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Local transgender community applauds ruling against Trump's ban on military service

File photo. Cathy Serino, a transgender veteran, served 12 years in the United States National Guard. She now lives in Columbia, Missouri.
Brit Hanson | St. Louis Public Radio
Cathy Serino, a transgender veteran who lives in Columbia, Missouri, served 12 years in the United States National Guard. She is seen here marching for transgender rights on July 30, 2017.

The St. Louis transgender community and others are cheering a ruling that blocks President Donald Trump’s attempt to ban trans people from serving in the military.

Monday’s decision by a federal court judge in Washington, D.C. will allow transgender people to continue serving for the foreseeable future.

It’s a notable rebuke against the Trump administration, said Cathy Serino, a transgender woman who spent 12 years in the National Guard.

“It shows the administration can’t just pick a segment of the population and target them,” Serino said.

Not the ‘last we’ll hear of this’

Serino, of Columbia, Missouri, was shocked and angry over Trump’s recent attempt to keep transgender people out of the military.

“We were really starting to feel like we were getting run over by a train that was picking up speed, coming downhill,” she said.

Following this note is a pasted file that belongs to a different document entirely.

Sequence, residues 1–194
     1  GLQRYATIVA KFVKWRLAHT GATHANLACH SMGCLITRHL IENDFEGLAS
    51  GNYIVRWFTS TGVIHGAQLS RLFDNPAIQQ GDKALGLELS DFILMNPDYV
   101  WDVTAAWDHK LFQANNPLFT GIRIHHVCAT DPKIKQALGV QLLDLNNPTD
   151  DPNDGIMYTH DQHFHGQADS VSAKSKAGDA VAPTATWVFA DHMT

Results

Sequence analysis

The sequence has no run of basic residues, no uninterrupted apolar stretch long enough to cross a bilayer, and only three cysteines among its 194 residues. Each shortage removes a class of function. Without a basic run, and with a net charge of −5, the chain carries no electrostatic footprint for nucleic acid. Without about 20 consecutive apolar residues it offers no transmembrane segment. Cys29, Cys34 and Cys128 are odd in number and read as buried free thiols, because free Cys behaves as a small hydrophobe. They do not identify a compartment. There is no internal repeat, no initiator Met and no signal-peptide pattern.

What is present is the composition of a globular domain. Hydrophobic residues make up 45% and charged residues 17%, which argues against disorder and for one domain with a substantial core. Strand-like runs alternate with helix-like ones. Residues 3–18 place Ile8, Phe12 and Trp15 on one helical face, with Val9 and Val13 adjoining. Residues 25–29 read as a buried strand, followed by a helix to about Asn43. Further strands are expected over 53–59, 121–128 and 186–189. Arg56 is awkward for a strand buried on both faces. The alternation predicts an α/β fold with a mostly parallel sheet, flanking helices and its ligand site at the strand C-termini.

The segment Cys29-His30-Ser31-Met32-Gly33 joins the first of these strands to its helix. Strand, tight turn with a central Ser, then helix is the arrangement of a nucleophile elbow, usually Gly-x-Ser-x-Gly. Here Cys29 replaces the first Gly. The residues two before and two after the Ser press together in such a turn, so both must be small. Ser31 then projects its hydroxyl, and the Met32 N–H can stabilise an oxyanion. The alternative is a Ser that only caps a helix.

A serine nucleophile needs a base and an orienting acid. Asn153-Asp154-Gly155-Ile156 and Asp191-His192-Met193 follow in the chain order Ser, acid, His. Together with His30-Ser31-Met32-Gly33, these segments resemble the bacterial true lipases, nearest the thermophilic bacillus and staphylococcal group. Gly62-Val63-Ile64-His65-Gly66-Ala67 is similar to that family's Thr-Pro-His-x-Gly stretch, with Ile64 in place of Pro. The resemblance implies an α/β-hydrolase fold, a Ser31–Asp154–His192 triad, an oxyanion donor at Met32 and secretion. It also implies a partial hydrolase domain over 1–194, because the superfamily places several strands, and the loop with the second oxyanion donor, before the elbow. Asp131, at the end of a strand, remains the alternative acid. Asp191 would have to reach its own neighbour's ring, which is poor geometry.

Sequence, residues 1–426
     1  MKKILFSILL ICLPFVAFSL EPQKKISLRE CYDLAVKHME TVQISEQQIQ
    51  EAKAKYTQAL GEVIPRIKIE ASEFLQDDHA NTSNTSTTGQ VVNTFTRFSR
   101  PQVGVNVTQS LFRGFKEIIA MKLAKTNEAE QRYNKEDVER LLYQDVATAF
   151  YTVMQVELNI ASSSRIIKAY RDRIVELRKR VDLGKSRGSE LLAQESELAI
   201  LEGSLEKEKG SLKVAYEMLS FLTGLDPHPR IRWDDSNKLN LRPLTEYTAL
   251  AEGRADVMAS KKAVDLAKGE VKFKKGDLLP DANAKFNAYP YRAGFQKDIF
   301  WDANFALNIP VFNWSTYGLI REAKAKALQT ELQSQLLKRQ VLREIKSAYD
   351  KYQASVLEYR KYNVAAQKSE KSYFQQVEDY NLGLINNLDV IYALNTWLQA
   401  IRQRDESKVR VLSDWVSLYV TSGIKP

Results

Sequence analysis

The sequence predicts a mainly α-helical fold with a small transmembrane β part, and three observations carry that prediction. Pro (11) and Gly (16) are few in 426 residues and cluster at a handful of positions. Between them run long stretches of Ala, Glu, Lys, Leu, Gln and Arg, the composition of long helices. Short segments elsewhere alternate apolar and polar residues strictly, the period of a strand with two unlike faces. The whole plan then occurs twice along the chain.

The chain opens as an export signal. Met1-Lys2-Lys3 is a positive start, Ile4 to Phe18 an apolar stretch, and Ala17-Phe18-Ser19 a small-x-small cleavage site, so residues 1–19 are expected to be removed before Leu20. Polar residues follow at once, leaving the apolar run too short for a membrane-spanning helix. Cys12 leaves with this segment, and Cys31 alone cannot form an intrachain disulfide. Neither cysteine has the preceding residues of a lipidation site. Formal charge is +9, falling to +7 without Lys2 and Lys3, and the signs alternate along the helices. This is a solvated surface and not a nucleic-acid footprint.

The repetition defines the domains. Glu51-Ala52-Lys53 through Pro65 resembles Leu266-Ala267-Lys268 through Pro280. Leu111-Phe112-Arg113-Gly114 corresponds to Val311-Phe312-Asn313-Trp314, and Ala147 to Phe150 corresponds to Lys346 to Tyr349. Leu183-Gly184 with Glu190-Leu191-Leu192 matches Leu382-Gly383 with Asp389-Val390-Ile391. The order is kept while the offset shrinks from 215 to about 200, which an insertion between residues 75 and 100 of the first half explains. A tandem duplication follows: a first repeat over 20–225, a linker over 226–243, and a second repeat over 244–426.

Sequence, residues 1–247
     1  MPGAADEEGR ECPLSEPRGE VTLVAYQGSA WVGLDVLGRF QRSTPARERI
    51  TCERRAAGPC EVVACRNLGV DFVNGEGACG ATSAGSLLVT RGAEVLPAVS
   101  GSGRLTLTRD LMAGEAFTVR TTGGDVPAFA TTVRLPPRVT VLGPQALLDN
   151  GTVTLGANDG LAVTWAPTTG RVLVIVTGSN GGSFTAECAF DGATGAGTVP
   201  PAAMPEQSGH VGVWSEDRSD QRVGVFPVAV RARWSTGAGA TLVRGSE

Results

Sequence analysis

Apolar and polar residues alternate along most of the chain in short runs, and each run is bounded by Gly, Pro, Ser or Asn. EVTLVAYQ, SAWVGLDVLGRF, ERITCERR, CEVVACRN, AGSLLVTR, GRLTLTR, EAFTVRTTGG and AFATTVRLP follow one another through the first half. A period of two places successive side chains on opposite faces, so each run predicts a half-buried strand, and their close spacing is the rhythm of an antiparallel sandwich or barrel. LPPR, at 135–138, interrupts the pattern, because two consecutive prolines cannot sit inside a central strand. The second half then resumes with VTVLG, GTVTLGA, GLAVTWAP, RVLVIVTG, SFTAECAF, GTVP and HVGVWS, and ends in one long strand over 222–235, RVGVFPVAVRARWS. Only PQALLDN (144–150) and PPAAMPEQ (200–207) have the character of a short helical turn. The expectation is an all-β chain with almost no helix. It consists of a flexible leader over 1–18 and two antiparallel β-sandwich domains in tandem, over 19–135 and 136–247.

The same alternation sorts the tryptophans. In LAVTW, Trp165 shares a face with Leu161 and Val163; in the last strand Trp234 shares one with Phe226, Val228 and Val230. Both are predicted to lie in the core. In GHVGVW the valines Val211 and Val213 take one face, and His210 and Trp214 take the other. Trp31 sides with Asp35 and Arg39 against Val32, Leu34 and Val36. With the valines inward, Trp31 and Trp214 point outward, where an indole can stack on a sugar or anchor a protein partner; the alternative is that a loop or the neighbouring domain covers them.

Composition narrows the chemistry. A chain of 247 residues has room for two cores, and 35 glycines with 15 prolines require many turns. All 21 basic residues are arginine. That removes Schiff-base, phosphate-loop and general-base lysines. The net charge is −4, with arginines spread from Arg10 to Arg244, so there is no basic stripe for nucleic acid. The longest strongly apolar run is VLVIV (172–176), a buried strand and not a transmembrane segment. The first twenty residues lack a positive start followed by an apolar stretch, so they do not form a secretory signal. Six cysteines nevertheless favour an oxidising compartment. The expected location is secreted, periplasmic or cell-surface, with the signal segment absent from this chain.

Serino hopes the ruling will also ward off further efforts to erode transgender rights and visibility. 

“The next step would have been to remove transgender people from all aspects of public life,” Serino said. “And that would filter down into the private sector.”

Serino is still on guard for what might happen next in the current political climate.

“I don’t think this is the last we’ll hear of this,” she said.

Steph Perkins has been executive director of PROMO since February 2016.
Credit Provided | PROMO
Steph Perkins has been executive director of PROMO since February 2016.

Monday’s ruling comes at a time when transgender rights, overall, are under attack, according to Steph Perkins, executive director of PROMO, a statewide organization dedicated to LGBTQ equality.

“It’s decisions like this that show that, in the end, we will get equal rights for transgender people whether those are service members or people in the general public,” Perkins said.

Monday’s ruling let stand a portion of Trump’s memorandum that prevents the military from paying for specific medical procedures for transgender people.

The Trump challenge came only a year after the Pentagon lifted a banagainst transgender people serving in the military.

Follow Nancy on Twitter: @NancyFowlerSTL

Nancy is a veteran journalist whose career spans television, radio, print and online media. Her passions include the arts and social justice, and she particularly delights in the stories of people living and working in that intersection.